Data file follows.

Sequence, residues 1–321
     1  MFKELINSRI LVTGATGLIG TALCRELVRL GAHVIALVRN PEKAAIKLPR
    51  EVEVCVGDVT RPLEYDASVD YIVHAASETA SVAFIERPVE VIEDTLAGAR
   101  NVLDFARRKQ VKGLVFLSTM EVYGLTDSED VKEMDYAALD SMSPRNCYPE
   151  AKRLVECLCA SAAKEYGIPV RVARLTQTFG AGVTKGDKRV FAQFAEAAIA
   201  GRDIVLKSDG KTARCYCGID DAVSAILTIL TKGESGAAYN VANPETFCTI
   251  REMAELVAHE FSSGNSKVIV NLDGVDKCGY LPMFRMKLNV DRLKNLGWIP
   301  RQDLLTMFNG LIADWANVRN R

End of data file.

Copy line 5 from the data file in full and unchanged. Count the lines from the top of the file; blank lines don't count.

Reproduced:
   151  AKRLVECLCA SAAKEYGIPV RVARLTQTFG AGVTKGDKRV FAQFAEAAIA